Dec 17 – Djokovic claims that he is informed he has Covid only AFTER these events
Dec 18 – Djokovic admits he knowingly attends an interview with L’Equipe while positive
Dec 22 – Djokovic receives a negative PCR test result
Dec 25 – He poses for a picture with a pal in Belgrade
Dec 31 – Novak is pictured training in Marbella
Jan 4 – He flies from Spain to Dubai to Australia
Jan 5 – Novak arrives in Melbourne and is detained over his vaccination ‘exemption’
Jan 10 – He is released from detention and returns to training
Djokovic’s family quickly halted their press conference on Monday after a question was asked about what happened after the day after he tested positive for Covid on December 16.
As well as admitting to breaking Covid isolation rules, Djokovic has blamed his agent for wrongly filling in a form declaring he hadn’t visited any countries before arriving in Australia.
The Serbian star is facing deportation and being banned from Australia for three years for the wrongly filling in a travel declaration.
Djokovic’s travel form had a box ticked to say he had not travelled to any other countries in the 14 days prior to his departure for the Australian Open in Melbourne.
He landed in Oz late on January 5, but social media posts show he spent time in Spain during that period – and was pictured practising on a tennis court in Marbella.
In an Instagram post on Wednesday, he attributed the claim on the form to “human error” on behalf of his agent.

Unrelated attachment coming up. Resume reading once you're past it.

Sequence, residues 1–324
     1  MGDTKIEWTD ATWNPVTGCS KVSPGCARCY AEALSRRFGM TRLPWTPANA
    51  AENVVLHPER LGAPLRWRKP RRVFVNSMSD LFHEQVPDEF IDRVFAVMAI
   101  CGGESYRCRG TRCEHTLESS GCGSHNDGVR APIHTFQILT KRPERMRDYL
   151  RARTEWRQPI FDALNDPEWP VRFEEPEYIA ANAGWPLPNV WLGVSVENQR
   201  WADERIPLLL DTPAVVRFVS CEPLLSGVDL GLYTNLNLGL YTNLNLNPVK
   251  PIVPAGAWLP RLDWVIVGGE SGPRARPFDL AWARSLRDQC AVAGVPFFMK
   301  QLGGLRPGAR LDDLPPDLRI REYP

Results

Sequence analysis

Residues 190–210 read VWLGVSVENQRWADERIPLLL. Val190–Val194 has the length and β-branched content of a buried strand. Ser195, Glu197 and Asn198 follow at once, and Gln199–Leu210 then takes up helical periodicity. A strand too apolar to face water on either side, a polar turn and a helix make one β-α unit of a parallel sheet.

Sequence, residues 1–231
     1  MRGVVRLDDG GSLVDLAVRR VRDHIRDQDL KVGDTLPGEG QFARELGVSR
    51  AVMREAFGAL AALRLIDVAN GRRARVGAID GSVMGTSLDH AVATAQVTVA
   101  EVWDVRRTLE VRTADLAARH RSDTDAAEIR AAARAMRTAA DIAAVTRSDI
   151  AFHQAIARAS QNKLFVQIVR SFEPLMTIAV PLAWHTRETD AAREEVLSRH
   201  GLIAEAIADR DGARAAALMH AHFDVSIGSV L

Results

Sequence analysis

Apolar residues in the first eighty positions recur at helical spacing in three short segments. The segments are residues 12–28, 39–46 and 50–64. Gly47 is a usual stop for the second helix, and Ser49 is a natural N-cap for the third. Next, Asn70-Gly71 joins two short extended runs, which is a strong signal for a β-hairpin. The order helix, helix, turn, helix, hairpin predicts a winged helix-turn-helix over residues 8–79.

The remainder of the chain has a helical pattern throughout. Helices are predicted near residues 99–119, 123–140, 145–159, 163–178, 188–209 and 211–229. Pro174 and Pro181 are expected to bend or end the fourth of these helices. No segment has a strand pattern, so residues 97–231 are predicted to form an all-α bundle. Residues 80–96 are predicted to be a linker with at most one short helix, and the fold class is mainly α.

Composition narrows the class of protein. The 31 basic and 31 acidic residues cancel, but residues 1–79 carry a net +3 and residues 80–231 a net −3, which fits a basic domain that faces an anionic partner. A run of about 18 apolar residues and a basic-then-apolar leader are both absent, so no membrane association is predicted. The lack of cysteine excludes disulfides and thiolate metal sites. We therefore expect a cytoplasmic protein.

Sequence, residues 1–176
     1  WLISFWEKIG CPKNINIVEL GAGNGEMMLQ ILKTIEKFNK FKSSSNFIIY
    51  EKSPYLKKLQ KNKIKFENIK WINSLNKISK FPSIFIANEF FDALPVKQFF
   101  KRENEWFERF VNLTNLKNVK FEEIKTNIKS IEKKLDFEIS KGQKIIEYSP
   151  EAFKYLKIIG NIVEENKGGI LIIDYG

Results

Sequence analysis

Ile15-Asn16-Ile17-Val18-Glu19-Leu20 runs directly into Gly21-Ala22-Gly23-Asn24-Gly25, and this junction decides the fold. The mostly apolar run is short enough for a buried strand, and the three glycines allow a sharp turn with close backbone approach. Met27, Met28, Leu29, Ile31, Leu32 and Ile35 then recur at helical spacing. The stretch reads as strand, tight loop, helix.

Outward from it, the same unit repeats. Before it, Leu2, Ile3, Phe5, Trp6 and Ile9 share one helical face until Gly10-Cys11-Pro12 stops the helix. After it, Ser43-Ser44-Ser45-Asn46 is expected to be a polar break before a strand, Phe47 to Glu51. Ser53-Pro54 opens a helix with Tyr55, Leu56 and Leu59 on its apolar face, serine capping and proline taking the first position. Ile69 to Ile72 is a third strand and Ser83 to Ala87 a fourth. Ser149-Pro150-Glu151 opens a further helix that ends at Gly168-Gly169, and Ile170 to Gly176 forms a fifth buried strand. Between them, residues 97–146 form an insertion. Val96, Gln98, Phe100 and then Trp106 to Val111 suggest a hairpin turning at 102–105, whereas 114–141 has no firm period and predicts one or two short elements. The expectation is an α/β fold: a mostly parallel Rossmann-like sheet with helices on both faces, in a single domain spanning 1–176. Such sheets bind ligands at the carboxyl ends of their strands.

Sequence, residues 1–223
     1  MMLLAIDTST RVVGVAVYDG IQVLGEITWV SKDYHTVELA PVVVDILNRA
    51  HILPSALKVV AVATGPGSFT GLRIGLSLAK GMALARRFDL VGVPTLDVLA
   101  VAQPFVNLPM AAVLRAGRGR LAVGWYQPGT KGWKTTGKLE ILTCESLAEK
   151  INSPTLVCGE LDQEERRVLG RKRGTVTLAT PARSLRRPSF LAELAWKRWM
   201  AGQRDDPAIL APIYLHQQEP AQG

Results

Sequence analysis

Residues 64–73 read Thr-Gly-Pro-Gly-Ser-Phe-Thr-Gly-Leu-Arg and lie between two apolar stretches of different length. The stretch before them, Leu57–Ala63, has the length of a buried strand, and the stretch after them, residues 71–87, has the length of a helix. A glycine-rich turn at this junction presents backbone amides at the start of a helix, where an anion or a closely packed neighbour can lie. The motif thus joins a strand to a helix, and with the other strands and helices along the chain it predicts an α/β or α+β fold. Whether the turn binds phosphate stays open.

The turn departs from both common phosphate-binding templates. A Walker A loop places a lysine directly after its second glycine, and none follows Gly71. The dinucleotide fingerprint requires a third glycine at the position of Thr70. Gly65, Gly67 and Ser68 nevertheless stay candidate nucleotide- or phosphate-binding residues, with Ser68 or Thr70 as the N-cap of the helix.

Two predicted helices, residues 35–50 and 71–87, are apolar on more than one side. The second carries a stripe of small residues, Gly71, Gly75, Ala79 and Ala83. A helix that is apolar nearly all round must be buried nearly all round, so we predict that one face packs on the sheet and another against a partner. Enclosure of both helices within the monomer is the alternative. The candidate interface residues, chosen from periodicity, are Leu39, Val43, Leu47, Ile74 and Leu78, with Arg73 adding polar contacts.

“On the issue of my travel declaration, this was submitted by my support team on my behalf – as I told immigration officials on my arrival – and my agent sincerely apologises for the administrative mistake in ticking the incorrect box about my previous travel before coming to Australia,” he said.
“This was a human error and certainly not deliberate. We are living in challenging times in a global pandemic and sometimes these mistakes can occur.”
Djokovic says his team has now “provided additional information” to the Aussie government to “clarify this matter”.
On its website, the Home Affairs Department warns that giving “false or misleading information” to the government is “a serious offence” carrying a possible jail term.
“If convicted, the maximum penalty is imprisonment for 12 months,” it says.
It comes as the Aussie government continues to mull whether to again revoke Djokovic’s visa.
On arrival in Oz, the Serbian ace was held at an immigration centre after his visa was dramatically cancelled, and then housed in a quarantine hotel.
Lawyers for the 20-time Grand Slam winner argued that he didn’t need to have the vaccine as he had already had Covid and that border force officials hadn’t given enough notice to revoke his visa.
A judge on Monday ruled should be released from detention.
But despite a judge ruling the decision to cancel his visa was “unreasonable”, the anti-vaxxer could still be booted out of the country by the Aussie government.
Immigration Minister Alex Hawke could use “personal discretion” to move ahead with another cancellation – which would see him banned from Oz for three years.
The Aussie government has confirmed Mr Hawke is still considering whether to cancel Djokovic’s visa.
A spokesman said: “In line with due process, Minister Hawke will thoroughly consider the matter.
“As the issue is ongoing, for legal reasons it is inappropriate to comment further.”
Djokovic was pictured meeting and greeting fans after the ceremony in Belgrade on December 17 while infected with CovidCredit: Instagram
Novak Djokovic was pictured in Belgrade, Serbia, on December 25
His Australian Travel Declaration form states he had not travelled in the 14 days before flying to Oz
Djokovic landed in Australia on January 5 before being whisked off to isolationCredit: AP